by Jarod Contreras
Long hours with sweat in my eyes, salt on my lips and the pain of the run have taught me a lot. As a high schooler in a town where “running” means a few laps or a track meet every now and then, I have found that it’s hard for people to understand why I love running. Most people hate it or see it only as a way to lose weight.
Ultrarunning has opened up doors that I never knew were there to open. I’ve learned to push myself and to go past what I think is discomfort. The way I used to look at the world and at life was not fulfilling; it didn’t hold anything for me. For example, on weekends I used to sleep in until 10:30 and watch TV. Now I spend my weekends seeking big mileage and adventure.
This sport is one of the few where everyone is accepted and supported. The people who surround me on a day-to-day basis at school and in life don’t support and accept me. They think of me as crazy or weird. My real friends are runners, and I like it that way. I think it’s because of the bonds that you make with someone out on the trails. You share pain, happiness, fun, adventure, suffering and above all, the desire to push and keep on pushing.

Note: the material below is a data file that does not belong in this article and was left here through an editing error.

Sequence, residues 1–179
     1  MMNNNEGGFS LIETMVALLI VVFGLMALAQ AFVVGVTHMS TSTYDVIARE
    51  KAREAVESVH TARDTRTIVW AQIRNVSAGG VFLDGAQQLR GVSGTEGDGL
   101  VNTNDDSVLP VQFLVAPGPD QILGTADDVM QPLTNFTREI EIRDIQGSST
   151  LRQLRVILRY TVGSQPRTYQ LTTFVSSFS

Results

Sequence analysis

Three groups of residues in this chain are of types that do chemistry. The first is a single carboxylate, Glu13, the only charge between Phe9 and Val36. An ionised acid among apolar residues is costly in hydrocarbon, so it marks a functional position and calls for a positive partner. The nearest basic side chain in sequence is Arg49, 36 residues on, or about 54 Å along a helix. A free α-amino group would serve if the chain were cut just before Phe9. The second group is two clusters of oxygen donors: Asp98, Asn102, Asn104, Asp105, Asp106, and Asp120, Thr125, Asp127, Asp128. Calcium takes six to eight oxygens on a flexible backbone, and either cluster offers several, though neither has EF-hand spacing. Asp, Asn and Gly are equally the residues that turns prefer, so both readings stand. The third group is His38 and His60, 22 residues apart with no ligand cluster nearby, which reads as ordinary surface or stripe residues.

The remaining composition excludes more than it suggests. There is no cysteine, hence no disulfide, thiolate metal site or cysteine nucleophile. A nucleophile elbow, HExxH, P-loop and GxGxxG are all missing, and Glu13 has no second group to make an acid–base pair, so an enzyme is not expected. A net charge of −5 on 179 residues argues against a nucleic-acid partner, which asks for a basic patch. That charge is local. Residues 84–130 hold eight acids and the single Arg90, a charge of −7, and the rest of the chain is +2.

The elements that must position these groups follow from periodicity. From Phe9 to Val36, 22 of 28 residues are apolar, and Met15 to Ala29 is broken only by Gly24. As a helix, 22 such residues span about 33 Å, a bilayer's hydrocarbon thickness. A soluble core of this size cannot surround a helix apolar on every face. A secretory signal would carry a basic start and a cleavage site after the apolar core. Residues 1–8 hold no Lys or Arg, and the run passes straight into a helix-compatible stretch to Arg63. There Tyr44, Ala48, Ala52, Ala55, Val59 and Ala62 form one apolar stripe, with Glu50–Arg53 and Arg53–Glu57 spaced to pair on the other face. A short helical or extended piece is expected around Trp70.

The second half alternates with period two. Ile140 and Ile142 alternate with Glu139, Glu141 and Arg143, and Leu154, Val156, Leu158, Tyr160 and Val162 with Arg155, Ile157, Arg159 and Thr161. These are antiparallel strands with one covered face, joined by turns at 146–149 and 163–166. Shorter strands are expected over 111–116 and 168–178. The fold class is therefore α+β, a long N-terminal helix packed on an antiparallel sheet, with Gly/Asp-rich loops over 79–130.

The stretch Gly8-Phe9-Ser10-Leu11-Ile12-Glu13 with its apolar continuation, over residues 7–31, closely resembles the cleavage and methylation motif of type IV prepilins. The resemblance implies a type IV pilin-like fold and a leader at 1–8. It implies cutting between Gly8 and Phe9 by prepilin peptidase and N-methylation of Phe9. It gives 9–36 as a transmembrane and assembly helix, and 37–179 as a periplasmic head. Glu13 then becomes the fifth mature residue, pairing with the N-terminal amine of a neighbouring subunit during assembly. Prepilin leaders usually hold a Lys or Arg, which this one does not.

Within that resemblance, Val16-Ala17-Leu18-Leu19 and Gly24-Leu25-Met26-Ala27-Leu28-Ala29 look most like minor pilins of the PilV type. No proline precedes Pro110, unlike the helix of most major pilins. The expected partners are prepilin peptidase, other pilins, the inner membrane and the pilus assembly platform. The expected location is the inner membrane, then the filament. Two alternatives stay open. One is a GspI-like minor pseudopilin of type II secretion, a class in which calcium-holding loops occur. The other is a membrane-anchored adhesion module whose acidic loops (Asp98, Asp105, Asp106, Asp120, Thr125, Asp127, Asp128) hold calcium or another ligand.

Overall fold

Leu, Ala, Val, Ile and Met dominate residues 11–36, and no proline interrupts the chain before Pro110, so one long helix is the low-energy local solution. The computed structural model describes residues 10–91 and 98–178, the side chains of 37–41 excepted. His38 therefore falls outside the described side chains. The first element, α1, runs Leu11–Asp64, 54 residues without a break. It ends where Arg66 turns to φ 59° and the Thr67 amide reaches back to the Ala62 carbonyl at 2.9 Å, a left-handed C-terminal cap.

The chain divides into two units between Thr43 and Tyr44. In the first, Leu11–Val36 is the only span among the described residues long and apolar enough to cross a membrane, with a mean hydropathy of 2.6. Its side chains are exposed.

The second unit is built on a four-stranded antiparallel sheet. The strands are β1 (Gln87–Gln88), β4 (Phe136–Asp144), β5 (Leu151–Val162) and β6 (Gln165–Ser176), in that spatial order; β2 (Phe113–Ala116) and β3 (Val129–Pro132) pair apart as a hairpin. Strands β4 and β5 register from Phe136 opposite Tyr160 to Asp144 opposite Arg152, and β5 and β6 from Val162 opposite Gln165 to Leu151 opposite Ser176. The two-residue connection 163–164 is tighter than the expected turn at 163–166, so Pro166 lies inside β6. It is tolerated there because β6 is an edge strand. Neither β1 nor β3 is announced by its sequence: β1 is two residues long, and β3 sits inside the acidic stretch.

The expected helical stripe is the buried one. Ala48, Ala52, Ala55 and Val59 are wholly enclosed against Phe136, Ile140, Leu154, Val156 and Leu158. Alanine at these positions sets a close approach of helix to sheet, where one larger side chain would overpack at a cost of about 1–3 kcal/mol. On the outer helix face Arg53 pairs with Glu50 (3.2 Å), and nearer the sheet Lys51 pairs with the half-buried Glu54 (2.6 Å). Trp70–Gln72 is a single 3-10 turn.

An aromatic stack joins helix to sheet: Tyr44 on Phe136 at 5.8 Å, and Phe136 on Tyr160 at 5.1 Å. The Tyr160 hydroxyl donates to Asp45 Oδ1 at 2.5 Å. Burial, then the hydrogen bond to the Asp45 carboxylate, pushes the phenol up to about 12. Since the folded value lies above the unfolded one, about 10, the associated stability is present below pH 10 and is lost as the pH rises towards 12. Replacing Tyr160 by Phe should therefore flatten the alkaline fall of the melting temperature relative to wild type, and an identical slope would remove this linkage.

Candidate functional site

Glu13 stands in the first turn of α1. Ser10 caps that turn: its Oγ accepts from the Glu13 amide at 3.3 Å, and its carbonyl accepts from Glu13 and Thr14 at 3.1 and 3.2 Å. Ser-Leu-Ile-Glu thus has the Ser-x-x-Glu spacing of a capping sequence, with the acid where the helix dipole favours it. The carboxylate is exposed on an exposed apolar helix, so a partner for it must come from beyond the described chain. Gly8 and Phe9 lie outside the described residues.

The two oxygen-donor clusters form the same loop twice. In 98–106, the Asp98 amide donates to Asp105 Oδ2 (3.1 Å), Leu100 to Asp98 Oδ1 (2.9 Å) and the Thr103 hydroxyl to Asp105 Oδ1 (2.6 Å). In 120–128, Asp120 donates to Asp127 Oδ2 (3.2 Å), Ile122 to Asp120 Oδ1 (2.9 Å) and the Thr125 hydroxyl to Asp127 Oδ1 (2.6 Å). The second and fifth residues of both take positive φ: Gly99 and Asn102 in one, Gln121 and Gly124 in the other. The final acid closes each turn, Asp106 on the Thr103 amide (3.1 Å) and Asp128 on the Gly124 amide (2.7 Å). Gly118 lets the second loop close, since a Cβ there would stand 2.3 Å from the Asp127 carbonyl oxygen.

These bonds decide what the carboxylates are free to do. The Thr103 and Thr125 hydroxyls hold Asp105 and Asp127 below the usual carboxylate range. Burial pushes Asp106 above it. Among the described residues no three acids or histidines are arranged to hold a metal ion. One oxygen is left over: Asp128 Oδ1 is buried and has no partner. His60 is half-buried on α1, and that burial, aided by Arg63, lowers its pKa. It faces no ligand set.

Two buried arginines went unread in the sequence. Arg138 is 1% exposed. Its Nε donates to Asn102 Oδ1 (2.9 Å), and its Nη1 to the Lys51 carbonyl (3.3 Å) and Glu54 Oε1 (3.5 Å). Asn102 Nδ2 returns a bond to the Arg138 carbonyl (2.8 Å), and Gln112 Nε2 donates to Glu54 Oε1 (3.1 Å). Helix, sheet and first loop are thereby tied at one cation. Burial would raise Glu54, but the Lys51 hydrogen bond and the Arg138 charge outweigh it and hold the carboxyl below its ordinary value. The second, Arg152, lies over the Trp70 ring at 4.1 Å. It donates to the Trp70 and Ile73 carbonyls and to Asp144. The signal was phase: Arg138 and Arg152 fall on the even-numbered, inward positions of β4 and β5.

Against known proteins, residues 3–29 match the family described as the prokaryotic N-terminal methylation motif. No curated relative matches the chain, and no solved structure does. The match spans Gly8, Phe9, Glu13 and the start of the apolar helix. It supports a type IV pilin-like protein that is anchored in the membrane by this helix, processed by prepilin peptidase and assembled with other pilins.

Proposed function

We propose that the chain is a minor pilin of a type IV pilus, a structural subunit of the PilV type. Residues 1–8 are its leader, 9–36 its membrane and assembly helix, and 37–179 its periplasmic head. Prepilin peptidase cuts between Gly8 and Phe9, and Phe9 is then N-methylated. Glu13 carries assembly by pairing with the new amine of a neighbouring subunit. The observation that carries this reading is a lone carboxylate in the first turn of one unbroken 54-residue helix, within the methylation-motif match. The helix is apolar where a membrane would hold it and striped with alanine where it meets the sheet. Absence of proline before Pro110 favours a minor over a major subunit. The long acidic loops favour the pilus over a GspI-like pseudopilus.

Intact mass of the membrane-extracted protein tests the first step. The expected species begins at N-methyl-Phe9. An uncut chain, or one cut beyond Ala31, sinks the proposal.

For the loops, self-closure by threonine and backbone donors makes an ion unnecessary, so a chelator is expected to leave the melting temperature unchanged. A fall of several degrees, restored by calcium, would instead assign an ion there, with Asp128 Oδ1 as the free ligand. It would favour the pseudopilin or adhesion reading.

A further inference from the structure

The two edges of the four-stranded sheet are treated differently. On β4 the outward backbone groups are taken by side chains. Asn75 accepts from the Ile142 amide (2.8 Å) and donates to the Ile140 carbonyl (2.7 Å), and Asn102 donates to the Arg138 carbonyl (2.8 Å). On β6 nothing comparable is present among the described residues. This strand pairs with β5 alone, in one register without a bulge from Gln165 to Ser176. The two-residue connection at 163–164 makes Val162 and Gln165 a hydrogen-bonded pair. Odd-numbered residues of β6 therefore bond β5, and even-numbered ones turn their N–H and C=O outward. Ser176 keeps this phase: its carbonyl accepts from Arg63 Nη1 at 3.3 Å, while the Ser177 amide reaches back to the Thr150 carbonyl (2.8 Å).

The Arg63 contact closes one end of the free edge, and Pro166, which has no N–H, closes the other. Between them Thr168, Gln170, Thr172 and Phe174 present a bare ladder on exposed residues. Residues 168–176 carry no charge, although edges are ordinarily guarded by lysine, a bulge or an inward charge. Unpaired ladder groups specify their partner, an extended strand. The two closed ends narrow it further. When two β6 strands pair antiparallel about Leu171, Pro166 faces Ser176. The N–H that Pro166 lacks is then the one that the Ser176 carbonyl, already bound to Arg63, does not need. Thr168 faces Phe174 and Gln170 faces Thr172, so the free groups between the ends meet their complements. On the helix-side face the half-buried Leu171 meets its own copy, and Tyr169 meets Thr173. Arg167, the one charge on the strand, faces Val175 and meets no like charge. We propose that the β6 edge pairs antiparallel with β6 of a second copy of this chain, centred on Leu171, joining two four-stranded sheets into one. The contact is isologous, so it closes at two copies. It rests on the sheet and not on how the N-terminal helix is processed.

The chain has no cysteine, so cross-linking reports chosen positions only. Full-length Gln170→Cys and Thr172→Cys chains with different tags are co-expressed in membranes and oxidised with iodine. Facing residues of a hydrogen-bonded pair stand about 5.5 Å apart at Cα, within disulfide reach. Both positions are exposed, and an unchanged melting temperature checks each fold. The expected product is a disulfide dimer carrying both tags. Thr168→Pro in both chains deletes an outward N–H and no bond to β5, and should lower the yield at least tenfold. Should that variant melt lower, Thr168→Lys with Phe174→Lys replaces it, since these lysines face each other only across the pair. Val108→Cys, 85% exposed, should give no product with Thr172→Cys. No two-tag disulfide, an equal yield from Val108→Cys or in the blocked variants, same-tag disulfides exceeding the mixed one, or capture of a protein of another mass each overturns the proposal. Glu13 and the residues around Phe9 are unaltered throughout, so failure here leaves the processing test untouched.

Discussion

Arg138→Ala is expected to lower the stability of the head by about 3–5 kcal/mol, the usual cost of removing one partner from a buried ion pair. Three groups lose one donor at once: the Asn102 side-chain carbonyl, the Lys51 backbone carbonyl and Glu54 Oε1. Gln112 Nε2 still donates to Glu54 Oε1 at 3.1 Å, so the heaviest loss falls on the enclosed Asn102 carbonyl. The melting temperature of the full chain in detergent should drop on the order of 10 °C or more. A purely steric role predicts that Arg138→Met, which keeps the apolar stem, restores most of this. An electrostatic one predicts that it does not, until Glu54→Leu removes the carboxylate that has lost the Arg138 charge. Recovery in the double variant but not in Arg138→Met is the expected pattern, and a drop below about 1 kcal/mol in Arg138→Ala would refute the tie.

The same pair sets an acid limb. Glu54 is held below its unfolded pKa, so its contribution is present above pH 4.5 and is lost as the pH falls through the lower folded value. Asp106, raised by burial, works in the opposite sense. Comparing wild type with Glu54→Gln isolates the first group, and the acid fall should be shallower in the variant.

The person I have bonded with the most, and who opened this world to me, is my father. He has been trail running for years. Only recently, within the past year, did I get into it. Through our many runs together, we have developed a stronger relationship than I think we would have without running. And I’m very grateful for it.
The lessons I have learned through ultrarunning translate into daily life as well. I have learned dedication by having to run every day and get up in the morning at a certain time. I have learned planning by carefully determining routes and mileages. I have also learned to manage pain and discomfort by pushing past what I thought I was capable of.
And finally, I have found in ultrarunning— both as a sport and as a way of life— happiness.